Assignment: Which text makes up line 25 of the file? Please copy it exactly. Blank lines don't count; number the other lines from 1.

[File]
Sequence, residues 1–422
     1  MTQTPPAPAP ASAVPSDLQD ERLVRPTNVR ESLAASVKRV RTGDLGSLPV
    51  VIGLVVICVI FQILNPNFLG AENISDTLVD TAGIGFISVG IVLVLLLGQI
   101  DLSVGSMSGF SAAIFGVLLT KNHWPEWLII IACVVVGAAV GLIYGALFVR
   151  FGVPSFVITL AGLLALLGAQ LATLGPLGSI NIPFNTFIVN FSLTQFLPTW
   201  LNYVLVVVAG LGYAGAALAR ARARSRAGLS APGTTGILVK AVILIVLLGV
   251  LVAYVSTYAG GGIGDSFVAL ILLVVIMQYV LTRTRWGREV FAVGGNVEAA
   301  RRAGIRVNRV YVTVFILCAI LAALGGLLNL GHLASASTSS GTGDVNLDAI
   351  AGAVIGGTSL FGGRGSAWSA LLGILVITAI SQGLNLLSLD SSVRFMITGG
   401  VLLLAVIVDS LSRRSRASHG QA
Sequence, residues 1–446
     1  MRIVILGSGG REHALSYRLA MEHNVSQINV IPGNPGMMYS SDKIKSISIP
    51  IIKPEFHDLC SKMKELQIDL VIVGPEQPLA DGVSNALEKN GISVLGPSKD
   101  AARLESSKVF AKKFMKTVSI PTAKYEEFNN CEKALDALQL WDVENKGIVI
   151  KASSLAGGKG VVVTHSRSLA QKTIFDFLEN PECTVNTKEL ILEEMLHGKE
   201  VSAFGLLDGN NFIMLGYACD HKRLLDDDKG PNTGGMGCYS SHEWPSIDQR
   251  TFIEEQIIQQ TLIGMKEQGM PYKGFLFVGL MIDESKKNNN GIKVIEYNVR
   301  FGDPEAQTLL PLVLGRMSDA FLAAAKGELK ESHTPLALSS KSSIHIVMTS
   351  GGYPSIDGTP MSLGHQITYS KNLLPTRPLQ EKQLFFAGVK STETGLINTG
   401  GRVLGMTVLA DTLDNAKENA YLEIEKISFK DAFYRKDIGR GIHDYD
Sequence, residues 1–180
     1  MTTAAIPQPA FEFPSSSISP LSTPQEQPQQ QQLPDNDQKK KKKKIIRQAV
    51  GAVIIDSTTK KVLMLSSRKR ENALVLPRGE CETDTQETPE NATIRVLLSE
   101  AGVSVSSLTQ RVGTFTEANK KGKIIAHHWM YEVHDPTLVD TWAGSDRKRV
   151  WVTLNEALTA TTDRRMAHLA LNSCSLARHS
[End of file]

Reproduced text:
   151  WVTLNEALTA TTDRRMAHLA LNSCSLARHS